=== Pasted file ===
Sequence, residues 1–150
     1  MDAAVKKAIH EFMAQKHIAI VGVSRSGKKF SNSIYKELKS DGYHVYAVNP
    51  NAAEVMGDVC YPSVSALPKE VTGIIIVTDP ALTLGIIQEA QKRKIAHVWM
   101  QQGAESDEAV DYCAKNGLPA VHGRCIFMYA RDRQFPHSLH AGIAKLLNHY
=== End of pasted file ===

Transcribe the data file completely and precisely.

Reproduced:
Sequence, residues 1–150
     1  MDAAVKKAIH EFMAQKHIAI VGVSRSGKKF SNSIYKELKS DGYHVYAVNP
    51  NAAEVMGDVC YPSVSALPKE VTGIIIVTDP ALTLGIIQEA QKRKIAHVWM
   101  QQGAESDEAV DYCAKNGLPA VHGRCIFMYA RDRQFPHSLH AGIAKLLNHY